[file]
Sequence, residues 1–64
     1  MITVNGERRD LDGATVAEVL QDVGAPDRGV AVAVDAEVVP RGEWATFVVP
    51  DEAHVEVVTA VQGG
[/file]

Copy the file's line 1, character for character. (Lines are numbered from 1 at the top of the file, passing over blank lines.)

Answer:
Sequence, residues 1–64